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(The Center Square) – Louisiana Commissioner of Insurance Jim Donelon on Tuesday announced a temporary mandate requiring insurers to cover post-transfer expenses for recovering COVID-19 patients.
It’s one of several emergency rules the department has issued since Gov. John Bel Edwards declared a statewide public health emergency on March 11.
“Louisiana’s hospitals are on the front line of the fight against the COVID-19, and this order requires insurers to cover post-transfer stays in step-down facilities,” Donelon said. “These existing private health care facilities are being prepared to receive patients from acute care hospitals and increase the availability of beds for COVID-19 patients.”
Under the rule, patients will pay the same cost-sharing amount in the “step-down” facility that they would have paid had they remained in the acute care hospital. The rule is meant to ensure transfers can occur smoothly and without disrupting facility reimbursement, the insurance department says.
Edwards on Tuesday said a makeshift 1,000-bed step-down facility at the Ernest N. Morial Convention Center in New Orleans will be ready by Sunday, with 1,000 more beds to be added later in the month. The facility will provide care for recovering COVID-19 patients and open up hospital beds for patients with more critical needs, Edwards said.
Donelon has announced a total of six emergency rules in response to the COVID-19 pandemic. A brief summary of the other five:
March 19: Requires insurers to cover COVID-19 testing without cost sharing. Permits early drug refills and prohibits the use of step therapy, whereby insurers make members try cheaper drugs first before moving up to more expensive medications.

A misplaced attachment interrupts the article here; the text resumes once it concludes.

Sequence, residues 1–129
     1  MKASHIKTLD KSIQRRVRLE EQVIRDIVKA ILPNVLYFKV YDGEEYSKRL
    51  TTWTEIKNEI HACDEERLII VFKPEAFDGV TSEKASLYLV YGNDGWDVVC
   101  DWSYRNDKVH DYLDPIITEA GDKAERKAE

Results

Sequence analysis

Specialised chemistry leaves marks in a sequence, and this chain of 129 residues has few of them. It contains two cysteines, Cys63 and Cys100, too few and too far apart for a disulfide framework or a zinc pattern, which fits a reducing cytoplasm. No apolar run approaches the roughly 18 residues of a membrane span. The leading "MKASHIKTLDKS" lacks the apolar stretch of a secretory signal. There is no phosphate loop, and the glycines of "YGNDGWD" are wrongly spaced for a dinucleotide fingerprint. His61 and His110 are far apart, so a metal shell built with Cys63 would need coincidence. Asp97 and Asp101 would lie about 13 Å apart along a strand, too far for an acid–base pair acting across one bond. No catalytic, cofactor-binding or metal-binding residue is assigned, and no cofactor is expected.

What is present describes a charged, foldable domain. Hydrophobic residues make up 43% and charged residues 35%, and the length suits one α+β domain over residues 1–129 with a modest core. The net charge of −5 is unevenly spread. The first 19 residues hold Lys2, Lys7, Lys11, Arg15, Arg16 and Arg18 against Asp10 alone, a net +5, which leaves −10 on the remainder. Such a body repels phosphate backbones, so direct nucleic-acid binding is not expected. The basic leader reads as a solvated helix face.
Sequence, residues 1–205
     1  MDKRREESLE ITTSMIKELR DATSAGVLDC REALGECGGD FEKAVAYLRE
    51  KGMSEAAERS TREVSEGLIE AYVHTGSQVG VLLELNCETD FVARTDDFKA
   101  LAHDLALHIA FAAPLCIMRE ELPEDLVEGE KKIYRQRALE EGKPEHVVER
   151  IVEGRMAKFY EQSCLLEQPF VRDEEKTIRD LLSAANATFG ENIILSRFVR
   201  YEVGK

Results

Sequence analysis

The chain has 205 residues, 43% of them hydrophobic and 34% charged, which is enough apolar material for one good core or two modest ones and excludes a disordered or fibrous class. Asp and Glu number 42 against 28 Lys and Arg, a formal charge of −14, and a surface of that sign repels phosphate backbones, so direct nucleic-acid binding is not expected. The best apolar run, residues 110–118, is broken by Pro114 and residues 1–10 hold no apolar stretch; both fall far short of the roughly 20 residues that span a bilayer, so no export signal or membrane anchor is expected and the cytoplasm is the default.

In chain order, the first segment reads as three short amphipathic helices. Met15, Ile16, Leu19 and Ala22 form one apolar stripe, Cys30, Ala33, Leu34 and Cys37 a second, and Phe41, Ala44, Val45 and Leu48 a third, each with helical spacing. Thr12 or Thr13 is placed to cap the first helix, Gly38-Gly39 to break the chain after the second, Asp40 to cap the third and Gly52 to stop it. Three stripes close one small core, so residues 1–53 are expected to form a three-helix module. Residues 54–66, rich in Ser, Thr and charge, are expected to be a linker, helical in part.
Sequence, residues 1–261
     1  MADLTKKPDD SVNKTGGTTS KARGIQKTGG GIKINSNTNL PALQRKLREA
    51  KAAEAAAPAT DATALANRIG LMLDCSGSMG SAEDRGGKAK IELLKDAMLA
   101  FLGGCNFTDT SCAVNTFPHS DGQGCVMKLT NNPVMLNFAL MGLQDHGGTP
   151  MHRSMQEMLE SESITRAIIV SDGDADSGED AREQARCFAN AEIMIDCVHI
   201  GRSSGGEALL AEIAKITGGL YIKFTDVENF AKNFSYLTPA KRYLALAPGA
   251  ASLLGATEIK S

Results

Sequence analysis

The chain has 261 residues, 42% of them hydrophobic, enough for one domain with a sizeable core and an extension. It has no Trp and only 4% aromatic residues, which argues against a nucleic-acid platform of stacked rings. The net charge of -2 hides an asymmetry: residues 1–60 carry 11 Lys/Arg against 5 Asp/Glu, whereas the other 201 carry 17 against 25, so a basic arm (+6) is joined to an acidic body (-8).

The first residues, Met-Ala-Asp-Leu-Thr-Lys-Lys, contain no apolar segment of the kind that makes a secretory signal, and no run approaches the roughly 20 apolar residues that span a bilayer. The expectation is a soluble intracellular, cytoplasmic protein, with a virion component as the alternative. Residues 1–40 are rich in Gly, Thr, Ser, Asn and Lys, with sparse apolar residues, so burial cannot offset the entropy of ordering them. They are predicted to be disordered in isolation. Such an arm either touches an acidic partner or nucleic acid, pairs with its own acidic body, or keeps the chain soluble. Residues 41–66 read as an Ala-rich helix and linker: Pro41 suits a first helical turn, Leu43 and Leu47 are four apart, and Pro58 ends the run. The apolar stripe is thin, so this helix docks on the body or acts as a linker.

March 23: Loosens restrictions on telemedicine services by, for example, making insurers cover mental health services via telemedicine to the extent they would be covered in-person, except for treatments not appropriate for remote delivery. Requires insurers to evaluate their out-of-network cost sharing to ensure patients “are not unreasonably charged extra” if in-network access becomes limited during the emergency.
March 26: Sets up guidelines for temporary licensing of insurance producers to address the interruption of licensing exams and fingerprint submissions by the governor’s “stay at home” order.
March 27: Gives businesses the right to demand a “mid-term self-audit” of their commercial policies to see if the policy’s premiums should be reduced based on current factors. The rule is meant to help shuttered or limited businesses that now have lower exposure and could use the extra cash to maintain or restart operations.
March 27: Places a moratorium on policy cancellations and non-renewal by insurers, without absolving consumers or businesses of their ultimate responsibility to pay premiums. Says no policy can be canceled or non-renewed because of a claim that is filed during this emergency.